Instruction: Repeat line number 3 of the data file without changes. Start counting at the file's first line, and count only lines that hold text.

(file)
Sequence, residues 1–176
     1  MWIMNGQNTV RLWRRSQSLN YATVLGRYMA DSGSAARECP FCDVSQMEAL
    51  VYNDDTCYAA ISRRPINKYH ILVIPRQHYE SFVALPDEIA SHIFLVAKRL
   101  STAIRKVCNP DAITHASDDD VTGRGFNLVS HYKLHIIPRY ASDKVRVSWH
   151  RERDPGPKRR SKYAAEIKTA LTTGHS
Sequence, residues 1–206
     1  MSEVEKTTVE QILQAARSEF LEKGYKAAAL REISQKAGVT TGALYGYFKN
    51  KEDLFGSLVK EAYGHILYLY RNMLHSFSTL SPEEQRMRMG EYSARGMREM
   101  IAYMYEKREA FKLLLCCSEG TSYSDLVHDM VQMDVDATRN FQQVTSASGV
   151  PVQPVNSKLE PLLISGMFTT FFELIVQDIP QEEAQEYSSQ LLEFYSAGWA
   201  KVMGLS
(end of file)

    51  VYNDDTCYAA ISRRPINKYH ILVIPRQHYE SFVALPDEIA SHIFLVAKRL